It was around this time that I was informed about the carnage up front on the 100k runners by Quicksilver Racing Team captain Loren, and president Greg who were managing the various runners and trying to set us up for maximum team scoring.  They felt confident that I was on pace to win the race at this point.  I was very surprised because the winning time in the 100k is usually in the 7 to 8 hour range, and I was pacing for maybe a 9 hour finish.  During the next lap I got excited about the prospect of actually winning the race even though it might be the slowest 100 k win in Ruth Anderson's history, but nonetheless it put some pep in my step.  I turned in a strong lap but then the next lap I could tell the fatigue was starting to get me.  I could feel the tightening in my legs, the strain and pain in my calves, and the extra pain of effort required to maintain a good pace.  I started to remember my goals for this race and it worked out to give me a get out of jail free card and a reason to slow down.  I believe I could have kept the pace and pushed through the pain, but I was not committed and that made all the difference in the world.  Once I made the decision, that was that, the eye of the tiger was gone at that point.  But I still had to cover the distance, which was not going to be a small feat in itself!

Once again opportunity presented itself when I was at the main aid station preparing for the next lap when Mark Klemencic caught up to me and was verifying that indeed he should drop to the 50 mile so that we could score men's team points in both the 50 mile distance and 100 k distance.  (you need three people to finish in a race distance to be considered for team points).  I inferred that his plan A was to complete the 100 k distance and he was asked to drop to the 50.  At this point I saw the writing on the wall and realized that Mark (and basically everyone else) was moving better than me and asked if he wanted to get the 100 k finish and I would drop to the 50.  I can imagine this would be a tough decision for him because at this point in the race everyone is very compelled to be done with it and he was expecting to be done within the next lap or so, so to think about going another four laps was tough, but he had originally set out for the 100 k and he set his sights on an age division win for himself, so he accepted my trade.  It turned out very good for Mark who put in some very consistent running and eventually getting second overall in the 100k and securing his age-group victory!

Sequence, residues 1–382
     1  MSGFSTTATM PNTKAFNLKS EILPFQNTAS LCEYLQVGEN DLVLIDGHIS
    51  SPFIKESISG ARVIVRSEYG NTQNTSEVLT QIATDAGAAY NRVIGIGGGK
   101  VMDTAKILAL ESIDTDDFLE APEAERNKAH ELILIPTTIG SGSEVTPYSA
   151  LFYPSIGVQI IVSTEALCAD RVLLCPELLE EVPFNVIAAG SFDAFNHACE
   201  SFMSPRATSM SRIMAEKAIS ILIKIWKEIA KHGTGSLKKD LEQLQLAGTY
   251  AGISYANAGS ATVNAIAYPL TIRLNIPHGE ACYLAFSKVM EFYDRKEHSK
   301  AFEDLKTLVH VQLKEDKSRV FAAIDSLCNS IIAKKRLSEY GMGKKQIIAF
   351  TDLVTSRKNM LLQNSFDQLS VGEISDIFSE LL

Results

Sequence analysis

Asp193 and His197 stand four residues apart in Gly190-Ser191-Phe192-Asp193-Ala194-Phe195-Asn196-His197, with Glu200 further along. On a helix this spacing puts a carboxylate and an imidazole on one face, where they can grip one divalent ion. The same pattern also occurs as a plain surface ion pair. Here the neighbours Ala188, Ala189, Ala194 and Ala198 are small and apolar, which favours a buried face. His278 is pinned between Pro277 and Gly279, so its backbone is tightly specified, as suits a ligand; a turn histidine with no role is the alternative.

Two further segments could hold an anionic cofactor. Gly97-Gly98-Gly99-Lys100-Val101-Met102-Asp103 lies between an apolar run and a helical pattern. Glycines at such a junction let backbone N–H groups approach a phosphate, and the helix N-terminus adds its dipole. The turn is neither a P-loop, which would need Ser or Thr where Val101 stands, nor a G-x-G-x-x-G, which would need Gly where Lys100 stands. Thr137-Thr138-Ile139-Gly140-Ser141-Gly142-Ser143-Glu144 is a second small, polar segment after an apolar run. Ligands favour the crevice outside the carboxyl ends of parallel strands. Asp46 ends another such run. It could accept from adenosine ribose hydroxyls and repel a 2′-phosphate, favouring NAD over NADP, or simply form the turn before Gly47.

I gutted out the next lap and was very happy to be finished.  I didn't wreck myself, so I met goal number one.  In hindsight I am quite sure that I was not prepared for this race, but I sort of knew that going in.  I had been doing basically all of my running on trails, accumulating good vert.  Since I have Strava I can even quote some numbers:  my first week on Strava I ran 61.7 miles with 14835 feet of climbing, all on trails.  Running up and down hills prepares you for running up and down hills.  Maintaining the same stride, cadence, and even effort for an extended period of time requires very different kind of preparation.  But that was a catalyst for the goals that I already set out for this race, I knew I just wanted to be able to give Miwok my best shot.  (Miwok is a 100k race in the Headlands on the north side of the golden gate bridge.  It is very hilly, maybe 12000 ft of climbing).

Finally I want to give a shout out to the Fam who showed up to Lake Merced and cheered me on.  Joanne showed up with the kids, got the boys loaded up in the double-jogger and the girls set up on scooters and did a couple of loops around the lake counter-clockwise, in the opposite direction of the runners.  They passed me some coconut water (I love that stuff for running)  and gave me encouragement.  It is great when the family can share in on the fun.


  1. You're a stud!
    That was a fun day, I enjoyed my two laps plus getting to see you. :)

  2. Smart decision! Very cool that Joanne and the kids could be out there with you! Good luck with Miwok!

  3. So, Miwok? What happened? You looked good when you passed by me on the OAB's, yet your name is not on the results?!?

    1. I'm dead. Actually I'm not dead. I've been debating what the heck I can say about my DNF. It's frustrating.